Make new connections. A secondment is an excellent networking opportunity. You have the chance to meet and become friends with a whole new team, and these relationships can prove to be beneficial throughout your career. Make a good impression, and you can draw upon your new connections when needed.
A low risk opportunity. Try out a new career path without the risks of leaving your current job behind. If you have been unsure whether to take the leap into a new role, a secondment can be a low-risk opportunity that allows you to explore a new position and make sure it works for you.
A valuable addition to your CV. The skills and experience you gain from a secondment will stay with you for the rest of your career. Having a secondment on your CV shows employers that you are dynamic and motivated to progress. If you plan a secondment strategically, you can fill in any gaps in your CV to strengthen your position in the job market.
Job satisfaction. A secondment can be the ideal way to keep your work exciting and keep you moving forward in your career. If you are ambitious and love to try new things, a secondment can allow you to move out of your comfort zone and work on your personal and professional growth.
Upheaval to work and personal life. Just as with any new job, a secondment can prove to be very stressful. It might be a temporary arrangement, but it still involves meeting new people, taking on new challenges, and performing well for your host employer. A secondment in a different geographical location to your usual role can bring additional pressures. You may have an extended commute, the stress of settling into a new place, and might be further away from your support network. Employees with young families or caring responsibilities might find this a particular challenge.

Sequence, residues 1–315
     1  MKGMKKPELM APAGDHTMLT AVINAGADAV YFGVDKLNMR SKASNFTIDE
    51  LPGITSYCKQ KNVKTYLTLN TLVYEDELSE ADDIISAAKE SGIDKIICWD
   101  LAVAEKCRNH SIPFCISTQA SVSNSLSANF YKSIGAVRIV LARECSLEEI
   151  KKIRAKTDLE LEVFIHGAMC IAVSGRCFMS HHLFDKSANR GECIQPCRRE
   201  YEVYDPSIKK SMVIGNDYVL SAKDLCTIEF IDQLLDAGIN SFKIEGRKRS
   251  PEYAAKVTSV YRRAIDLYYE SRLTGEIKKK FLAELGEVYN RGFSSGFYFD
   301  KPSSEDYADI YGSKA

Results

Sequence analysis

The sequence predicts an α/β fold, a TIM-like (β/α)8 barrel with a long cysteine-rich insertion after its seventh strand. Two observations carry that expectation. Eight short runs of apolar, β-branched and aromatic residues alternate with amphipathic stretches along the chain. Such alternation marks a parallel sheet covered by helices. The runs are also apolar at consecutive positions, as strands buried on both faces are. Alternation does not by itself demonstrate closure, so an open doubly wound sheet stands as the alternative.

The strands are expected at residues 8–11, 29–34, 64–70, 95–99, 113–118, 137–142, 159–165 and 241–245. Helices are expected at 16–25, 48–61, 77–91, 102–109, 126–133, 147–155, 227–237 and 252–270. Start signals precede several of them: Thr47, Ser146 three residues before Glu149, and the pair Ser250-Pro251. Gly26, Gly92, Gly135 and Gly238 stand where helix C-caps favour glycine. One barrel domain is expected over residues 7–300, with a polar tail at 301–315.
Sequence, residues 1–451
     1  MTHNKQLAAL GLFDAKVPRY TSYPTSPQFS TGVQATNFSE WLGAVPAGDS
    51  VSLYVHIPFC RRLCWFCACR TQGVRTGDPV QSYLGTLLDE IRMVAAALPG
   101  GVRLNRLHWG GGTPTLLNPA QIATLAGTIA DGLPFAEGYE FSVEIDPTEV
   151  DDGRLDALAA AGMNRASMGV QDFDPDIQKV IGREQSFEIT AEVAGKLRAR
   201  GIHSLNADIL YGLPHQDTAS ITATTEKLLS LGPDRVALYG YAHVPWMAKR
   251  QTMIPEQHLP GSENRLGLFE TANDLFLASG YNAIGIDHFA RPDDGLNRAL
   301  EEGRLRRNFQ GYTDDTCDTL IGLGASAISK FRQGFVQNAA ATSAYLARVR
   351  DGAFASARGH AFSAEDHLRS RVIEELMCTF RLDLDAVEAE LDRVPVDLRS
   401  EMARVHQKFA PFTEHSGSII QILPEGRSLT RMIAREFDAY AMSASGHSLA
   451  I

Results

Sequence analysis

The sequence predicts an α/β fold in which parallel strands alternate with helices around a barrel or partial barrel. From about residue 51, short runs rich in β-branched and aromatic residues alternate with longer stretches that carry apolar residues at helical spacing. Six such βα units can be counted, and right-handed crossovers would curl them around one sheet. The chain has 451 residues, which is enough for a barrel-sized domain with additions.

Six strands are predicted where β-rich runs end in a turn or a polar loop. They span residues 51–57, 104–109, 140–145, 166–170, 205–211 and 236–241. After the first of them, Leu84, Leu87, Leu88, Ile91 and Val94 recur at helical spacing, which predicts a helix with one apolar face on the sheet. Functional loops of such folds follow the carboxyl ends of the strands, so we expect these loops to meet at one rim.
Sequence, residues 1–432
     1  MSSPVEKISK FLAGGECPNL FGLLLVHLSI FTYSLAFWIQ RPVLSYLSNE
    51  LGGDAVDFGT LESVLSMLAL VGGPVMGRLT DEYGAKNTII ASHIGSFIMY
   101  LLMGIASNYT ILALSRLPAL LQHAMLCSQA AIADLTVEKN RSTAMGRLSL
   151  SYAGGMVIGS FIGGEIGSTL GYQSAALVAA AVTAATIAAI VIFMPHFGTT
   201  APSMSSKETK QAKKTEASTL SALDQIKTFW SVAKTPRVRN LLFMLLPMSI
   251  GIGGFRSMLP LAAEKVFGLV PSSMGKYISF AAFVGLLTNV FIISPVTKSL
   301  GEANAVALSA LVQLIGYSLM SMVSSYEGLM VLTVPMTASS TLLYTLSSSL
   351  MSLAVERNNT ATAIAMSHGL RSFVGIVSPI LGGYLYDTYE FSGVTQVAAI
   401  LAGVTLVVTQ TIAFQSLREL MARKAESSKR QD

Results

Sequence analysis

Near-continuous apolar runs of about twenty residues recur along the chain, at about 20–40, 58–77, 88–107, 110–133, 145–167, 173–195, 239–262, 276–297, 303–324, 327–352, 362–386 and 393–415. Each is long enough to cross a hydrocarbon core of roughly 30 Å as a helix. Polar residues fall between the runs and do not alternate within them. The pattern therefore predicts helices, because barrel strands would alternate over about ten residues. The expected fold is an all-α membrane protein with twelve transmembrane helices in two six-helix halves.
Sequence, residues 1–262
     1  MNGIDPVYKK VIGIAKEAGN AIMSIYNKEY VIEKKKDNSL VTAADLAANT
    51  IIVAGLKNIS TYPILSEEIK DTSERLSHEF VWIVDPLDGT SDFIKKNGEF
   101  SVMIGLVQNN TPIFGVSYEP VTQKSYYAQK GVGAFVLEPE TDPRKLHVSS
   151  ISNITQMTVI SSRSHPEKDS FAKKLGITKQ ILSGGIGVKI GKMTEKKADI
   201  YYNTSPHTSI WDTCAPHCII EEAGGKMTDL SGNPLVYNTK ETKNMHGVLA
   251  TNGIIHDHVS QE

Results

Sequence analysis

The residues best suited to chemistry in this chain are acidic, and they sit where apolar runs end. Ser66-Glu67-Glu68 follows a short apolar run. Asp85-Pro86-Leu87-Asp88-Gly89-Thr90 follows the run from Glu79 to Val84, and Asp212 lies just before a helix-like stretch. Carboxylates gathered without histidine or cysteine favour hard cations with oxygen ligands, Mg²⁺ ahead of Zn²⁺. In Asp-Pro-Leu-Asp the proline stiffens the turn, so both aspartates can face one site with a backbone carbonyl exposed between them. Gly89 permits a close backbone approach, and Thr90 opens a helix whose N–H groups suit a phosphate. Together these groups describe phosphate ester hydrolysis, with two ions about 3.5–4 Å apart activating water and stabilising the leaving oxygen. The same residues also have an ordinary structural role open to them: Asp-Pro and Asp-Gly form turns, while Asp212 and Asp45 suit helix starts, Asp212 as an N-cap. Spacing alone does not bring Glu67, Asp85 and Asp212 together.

Secondment roles are not always clearly defined. A secondment needs to be carefully managed, with clear expectations for all parties. If this doesn’t happen, secondees can find themselves in a role that they don’t quite understand or don’t feel confident in carrying out. Ask your colleagues for recommendations of secondments that have worked well for them to get an idea of how successful they can be. See our Top Tips below for advice on how to avoid this pitfall.
The legalities can be confusing. Your permanent employer usually retains responsibility for you even while you are at the host company. That means you remain a legal employee of theirs and they offer you the same legal workplace protections that they would if you were still in your original role. You will probably be offered a temporary contract related to your secondment. Be sure to read it carefully and raise any issues with your manager before your secondment starts. Look out for details such as absence policy, payment terms, disciplinary and grievance procedures, and appraisals processes. You will typically continue to receive payment from your permanent employer, who will then be reimbursed by your host employer.
Getting long term value from it. Upon your return, get to work applying your new skills to your current role. It can be easy to slide back into your old routine and ways of doing things, but don’t let your new skills go to waste. You could write up a case study of your secondment experience or produce a guide for future secondees. Show your employer how they benefit from sending you on a secondment.
Fitting back into your permanent role. When you’ve been away from your existing employer, job role and team for some time, you may find it hard to settle back in. Things can move very quickly, and you might notice changes to work processes or even new colleagues that have started while you’ve been away. Open communication with your employer throughout your secondment can minimize the impact of changes.
Top Tips for Succeeding in a Secondment